Virginia dolphin stranding event provides opportunity to return a favor, gather data

The author gets ready to perform an autopsy on a dead dolphin. © Virginia Aquarium.I am finally rested up after a long and busy week assisting our fellow stranding colleagues at the Virginia Aquarium Stranding Response Team (often referred to as VAQS) in Virginia Beach, Virginia.

After a sharp increase in dead bottlenose dolphin strandings, our colleagues reached out for help with an unusual high number of dolphin strandings this summer, while dolphins have been stranding all along the mid-Atlantic and into the northeast coast line, the Virginia Beach area seems to be getting hit the hardest. 

SEE ALSO: Marine rescue team member's Virginia homecoming is all dolphin business.

With less than 24 hours’ notice I hopped on a plane bright and early last week, to assist with dolphin necropsies (animal autopsies), and to give some of the Virginia Aquarium’s Stranding staff a much needed break!

I spent five days, mostly at the necropsy table, with about 15 dead animals coming through, doing internal and external exams on any carcasses we could get a hold of, and extensive necropsies on the fresher animals that washed in. 

Many of the carcasses were not very fresh, I can definitely attest to!

However, we were still able to collect many useful samples and very valuable data about the animals that were coming in such as species, sex, approximate age, and body condition, which does play a valuable role in figuring out what might be going on.

It was a whirl wind trip, but an incredibly valuable experience. It felt great to be able to help out to collect valuable information and to give their staff a chance to try to start looking at the data, time to send out samples, take a quick breather and of course prep for more animals coming in.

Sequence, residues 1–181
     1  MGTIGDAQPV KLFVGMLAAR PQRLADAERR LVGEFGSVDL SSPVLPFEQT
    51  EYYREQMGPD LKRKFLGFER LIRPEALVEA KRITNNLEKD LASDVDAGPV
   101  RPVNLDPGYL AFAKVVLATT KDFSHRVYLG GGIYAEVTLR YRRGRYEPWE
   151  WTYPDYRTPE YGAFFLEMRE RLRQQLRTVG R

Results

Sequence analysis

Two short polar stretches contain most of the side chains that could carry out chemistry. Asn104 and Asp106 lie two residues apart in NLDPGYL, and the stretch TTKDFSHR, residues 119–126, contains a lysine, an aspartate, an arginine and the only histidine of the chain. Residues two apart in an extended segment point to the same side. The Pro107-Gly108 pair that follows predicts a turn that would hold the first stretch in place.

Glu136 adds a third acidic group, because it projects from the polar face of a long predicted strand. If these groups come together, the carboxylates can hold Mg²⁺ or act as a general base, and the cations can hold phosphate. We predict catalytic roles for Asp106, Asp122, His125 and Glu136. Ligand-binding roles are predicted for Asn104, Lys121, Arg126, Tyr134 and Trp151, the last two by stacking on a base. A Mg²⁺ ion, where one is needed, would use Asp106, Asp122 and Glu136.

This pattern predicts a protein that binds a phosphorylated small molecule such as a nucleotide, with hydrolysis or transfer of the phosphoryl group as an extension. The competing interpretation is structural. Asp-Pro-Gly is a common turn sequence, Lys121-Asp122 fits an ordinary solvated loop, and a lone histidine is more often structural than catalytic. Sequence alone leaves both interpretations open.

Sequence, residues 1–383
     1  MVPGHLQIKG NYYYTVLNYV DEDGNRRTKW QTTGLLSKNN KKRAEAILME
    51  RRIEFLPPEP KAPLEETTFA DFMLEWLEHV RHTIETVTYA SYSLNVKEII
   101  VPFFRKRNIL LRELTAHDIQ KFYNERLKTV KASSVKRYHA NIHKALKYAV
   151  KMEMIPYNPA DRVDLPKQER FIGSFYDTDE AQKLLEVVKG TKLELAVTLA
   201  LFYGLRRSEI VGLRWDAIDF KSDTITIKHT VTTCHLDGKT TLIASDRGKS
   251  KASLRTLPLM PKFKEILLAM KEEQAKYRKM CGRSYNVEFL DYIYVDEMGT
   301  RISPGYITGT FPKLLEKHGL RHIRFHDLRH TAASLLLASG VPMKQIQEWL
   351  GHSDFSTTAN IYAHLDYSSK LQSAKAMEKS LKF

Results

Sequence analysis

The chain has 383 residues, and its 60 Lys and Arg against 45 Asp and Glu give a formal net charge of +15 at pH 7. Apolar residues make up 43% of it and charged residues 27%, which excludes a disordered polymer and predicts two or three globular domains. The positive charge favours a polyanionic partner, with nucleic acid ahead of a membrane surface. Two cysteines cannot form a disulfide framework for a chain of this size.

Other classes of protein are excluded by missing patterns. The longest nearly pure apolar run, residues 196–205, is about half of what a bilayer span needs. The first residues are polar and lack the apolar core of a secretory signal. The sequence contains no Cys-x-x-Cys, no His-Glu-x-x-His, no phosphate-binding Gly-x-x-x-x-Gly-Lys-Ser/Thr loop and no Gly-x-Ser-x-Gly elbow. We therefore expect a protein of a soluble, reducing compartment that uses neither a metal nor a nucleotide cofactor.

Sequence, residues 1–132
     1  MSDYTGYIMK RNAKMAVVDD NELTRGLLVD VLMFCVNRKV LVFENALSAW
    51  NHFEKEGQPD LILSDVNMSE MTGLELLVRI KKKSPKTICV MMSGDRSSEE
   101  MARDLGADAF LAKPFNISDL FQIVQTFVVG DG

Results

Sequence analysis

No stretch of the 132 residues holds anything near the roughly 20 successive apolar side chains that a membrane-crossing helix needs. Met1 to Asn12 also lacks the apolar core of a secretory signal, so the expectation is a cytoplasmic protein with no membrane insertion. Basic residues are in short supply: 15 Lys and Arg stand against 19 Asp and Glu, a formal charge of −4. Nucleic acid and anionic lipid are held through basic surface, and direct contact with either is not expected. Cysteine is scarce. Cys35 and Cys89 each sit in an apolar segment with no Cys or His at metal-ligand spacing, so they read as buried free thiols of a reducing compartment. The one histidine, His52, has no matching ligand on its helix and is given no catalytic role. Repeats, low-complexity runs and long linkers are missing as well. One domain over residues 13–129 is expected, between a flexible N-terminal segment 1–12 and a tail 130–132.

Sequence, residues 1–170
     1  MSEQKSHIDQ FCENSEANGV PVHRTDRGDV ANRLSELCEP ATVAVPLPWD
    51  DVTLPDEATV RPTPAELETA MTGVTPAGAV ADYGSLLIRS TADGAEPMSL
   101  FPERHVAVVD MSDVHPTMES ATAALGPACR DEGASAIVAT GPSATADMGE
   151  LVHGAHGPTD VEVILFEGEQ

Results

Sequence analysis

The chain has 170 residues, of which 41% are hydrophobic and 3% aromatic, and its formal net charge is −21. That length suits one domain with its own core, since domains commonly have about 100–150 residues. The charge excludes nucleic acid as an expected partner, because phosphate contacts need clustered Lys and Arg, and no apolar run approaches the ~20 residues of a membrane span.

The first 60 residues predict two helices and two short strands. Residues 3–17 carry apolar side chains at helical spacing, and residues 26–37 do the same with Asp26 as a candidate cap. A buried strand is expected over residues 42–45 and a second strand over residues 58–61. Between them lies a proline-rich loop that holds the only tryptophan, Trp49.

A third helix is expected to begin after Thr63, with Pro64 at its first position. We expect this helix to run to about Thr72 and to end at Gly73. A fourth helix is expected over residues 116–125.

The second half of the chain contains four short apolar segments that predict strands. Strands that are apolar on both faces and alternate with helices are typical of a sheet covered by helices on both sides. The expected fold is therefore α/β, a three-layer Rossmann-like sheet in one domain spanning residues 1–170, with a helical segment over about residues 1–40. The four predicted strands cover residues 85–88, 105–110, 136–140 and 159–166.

Our staff understands the toll this type of large and extended stranding event takes on your stranding staff and volunteers, yes, we know this well!

Last year, we experienced a very similar event of about 216 common dolphins stranding between January and April of 2012.

We were incredibly grateful when Virginia Aquarium Stranding Staff arrived (for multiple trips) to relieve our staff as we were wearing a bit thin as the event continued into multiple months! I was happy to repay the favor as it made such a huge difference to our team last year. 

It was also incredible to get to work with a different species and in a completely different stranding environment. While we all do very similar work, there are many differences just even a few states away in the type of stranding response and situations; it was great to work with a different, yet incredible team of hardworking and dedicated staff, interns and volunteers at VAQS!

While these events are tough and straining on folks, it is a great opportunity to bring our Northeast Stranding Region closer together, although I am sure I speak for the entire Northeast network, we hope this event comes to an end soon! 

I returned tired; however, glad to have had the experience, and who can really complain about having to work in Virginia Beach for a week!


To learn more about IFAW's Marine Mammal Rescue and Research Team, visit our campaign page.

Post a comment


Brian Sharp, Emergency Relief Officer, Stranding Coordinator
Manager, Marine Mammal Rescue and Research
Dr. Maria (Masha) N. Vorontsova, Senior Advisor to the IFAW Marine Conservation
Senior Advisor to the IFAW Marine Conservation Program
Matt Collis, Director, International Policy
Director, International Policy
Patrick Ramage, Program Director, Whales
Program Director, Marine Conservation